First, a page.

Jennie Doran is the designer and owner of Room Service, a lifestyle boutique and creative firm in Ohio City, Cleveland. Together with her actor and filmmaker husband Andrew, Jennie brings together a diverse and intentional collection of goods in her shop that reflect her deep appreciation of beautiful, functional, and unique things.
What is the best piece of business advice you have received?
Received or learned… I would say it’s an important piece of advice that I learned first and then was told - after the fact - as though it was obvious: Beware of under capitalizing. It’s not sexy, I know, but it is so deeply true I can’t stress it enough. Be truthful with yourself, your investors, your lenders, your parents- whomever may be a part of your journey- this is going to cost money, don’t underestimate it. Think of the money as energy- it flows in, it flows out. Your job is to direct it, shape it and utilize it in the best way possible. But recognize you can’t shape something you don’t have. So, ask for (or save) more than you think you need, and then plan for your success.
What characteristic do you most admire in other entrepreneurial women?
I admire women (entrepreneurial and otherwise) that make choices they know to be right- for themselves and for their businesses, because they trust themselves enough to risk. I admire women who are not afraid of their creativity. Who understand that to grow it, you need to nurture it, express it, and make room for it.
What do you like most about your workspace?
I love its possibility. My radar is always on for new materials, fixtures, props, fabrics, even the silliest, strangest things . . . so, the workspace is a home for so many possible visuals- be it for the shop, or for our clients. Admittedly, it can get a bit full, and I need to take stock and edit regularly- but I love to move through our space and become inspired for the next project.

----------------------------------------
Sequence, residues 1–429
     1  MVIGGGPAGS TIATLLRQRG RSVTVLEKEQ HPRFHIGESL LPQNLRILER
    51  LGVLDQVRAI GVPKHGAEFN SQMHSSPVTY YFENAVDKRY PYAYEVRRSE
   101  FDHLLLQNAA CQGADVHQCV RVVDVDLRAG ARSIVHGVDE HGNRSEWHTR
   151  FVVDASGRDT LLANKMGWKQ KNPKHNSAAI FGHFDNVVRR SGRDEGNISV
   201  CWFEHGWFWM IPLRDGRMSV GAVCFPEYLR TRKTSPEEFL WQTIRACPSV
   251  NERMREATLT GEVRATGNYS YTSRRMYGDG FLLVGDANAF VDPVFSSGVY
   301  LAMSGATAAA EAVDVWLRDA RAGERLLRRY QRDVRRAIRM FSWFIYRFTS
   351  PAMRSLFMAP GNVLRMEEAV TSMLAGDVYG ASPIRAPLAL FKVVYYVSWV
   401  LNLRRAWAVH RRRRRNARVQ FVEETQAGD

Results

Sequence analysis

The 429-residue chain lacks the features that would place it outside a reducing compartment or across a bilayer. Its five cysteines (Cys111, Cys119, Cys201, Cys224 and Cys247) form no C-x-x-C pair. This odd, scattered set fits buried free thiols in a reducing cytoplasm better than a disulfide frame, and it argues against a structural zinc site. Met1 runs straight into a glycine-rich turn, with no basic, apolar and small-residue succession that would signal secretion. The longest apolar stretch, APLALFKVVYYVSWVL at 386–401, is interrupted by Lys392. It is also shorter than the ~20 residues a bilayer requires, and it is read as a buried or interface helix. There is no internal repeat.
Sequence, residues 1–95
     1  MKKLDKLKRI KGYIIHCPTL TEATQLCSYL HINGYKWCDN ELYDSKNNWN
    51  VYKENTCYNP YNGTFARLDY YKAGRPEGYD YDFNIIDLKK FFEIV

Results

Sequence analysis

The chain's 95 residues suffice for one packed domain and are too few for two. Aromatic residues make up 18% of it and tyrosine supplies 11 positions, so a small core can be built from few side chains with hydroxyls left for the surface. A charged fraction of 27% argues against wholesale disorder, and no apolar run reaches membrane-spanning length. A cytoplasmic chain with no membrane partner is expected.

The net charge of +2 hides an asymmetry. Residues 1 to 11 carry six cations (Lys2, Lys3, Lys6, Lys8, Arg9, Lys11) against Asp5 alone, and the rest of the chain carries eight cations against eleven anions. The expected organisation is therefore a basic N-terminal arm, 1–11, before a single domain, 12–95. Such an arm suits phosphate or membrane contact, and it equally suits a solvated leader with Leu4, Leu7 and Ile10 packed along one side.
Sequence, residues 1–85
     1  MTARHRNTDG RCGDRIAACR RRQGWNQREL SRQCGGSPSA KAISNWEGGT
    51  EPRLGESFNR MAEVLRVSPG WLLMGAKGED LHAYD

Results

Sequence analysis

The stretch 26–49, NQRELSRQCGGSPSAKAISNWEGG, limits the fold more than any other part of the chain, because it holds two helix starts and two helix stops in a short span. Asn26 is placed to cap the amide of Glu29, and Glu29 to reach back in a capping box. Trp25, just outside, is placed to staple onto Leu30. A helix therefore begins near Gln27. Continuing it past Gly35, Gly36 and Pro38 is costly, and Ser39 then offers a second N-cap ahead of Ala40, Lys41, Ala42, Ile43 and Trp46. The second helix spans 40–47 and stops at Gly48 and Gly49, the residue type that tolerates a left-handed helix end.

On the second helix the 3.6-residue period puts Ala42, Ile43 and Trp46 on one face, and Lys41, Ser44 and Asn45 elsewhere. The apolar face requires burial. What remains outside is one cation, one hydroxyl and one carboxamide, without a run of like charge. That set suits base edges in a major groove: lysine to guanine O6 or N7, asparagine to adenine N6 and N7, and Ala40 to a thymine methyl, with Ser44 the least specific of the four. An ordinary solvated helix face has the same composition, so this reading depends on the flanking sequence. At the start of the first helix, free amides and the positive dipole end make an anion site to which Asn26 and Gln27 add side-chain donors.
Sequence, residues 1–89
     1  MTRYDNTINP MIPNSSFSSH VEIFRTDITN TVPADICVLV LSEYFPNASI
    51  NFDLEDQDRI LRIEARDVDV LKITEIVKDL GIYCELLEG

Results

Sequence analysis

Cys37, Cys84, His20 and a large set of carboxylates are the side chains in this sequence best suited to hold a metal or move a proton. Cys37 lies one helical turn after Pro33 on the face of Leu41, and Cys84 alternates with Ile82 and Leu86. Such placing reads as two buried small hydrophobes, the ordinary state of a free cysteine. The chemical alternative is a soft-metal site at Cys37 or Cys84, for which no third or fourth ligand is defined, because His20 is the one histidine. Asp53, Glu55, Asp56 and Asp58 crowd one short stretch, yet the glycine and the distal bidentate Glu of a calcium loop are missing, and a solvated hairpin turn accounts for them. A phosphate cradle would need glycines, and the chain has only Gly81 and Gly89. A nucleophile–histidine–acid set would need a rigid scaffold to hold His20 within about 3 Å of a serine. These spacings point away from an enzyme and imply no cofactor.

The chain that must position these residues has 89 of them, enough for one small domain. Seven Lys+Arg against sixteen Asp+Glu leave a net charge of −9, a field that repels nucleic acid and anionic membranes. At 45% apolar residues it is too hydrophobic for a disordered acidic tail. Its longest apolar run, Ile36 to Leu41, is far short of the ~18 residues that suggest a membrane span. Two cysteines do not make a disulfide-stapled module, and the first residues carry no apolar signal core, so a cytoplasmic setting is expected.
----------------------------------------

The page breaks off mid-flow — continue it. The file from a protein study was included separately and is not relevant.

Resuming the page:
Name a woman, past or present, who you admire.
My stepmother Sue. She is a wildly independent, strong-willed, an absolute bad ass of a creature who moved to the middle-of-nowhere-Washington State (my part-time home growing up) and started her own organic farm- way before it was cool. This woman knows hard work. She’s a classical pianist, a lover of literature and a guardian of the wildness of nature. She’s given me some of the truest, clearest eyes on running a business (and gave me her ‘77 Toyota Celica when I was 19). She’s a powerhouse.
What piece of advice would you give to women starting their own businesses?
Sleep now? No, I’m kidding. I would say, take stock in what you have in your life that makes you you . . . because you will need it. You will need to draw upon it for inspiration, for support, and for energy. Recognize that your most powerful asset is you. Your business won’t dissolve if you take time to have a real dinner with your partner, if you walk to get lunch, if you spend an extra 20 minutes putzing in your garden (me). These are the things that made you the woman who is starting and succeeding in her field. Embrace them!
Growing up, what was your dream job?
Oh gracious, well I vacillated a bit. I will say I was, and am, wild about the ocean and had always dreamed of working as a marine biologist. However, perhaps one of my most indicative forays as a child was when my uncle sent me a carton of pencils and erasers and I went door to door selling them for a nickel a piece. So it would seem I’ve always been a bit of a shopkeeper at heart.
"I admire women who are not afraid of their creativity. Who understand that to grow it, you need to nurture it, express it, and make room for it."
What is something you could not go a day without?
Probably NPR- I’m not an addict per se, but it is part of my day in so many ways. Andrew and I listen to it in the mornings while drinking coffee and discussing our garden. It’s always on in the car. We joke about what the journalists look like in person (we’ve never Googled it, that would ruin the fun). It’s an important source for us. But, that said, we also know when to turn it off.
Have any mistakes shaped the way your run your business today?
The fallacy of believing you can do it (or anything, really) alone. This doesn’t mean accept anyone. Far from it. I too often, for too long, truly believed I could do everything myself. Moreover, that I was good at it all (ha). Check your pride at the door and build a team that amplifies each other’s best abilities. Honesty with your weaknesses doesn’t indicate weakness.
As R/S Creative, Jennie and Andrew branch out to realize engaging, inspiring environments and experiences. Be it retail spaces, (their own serving as the headquarters for all things wonder inducing!), event installations, art direction or brand styling- they believe that great design is everything.
Jennie and Andrew live in Detroit Shoreway on their urban homestead of sorts with a dog, 2 cats, 5 chickens, and an ever evolving home.
You can find Room Service in the Home section of The List.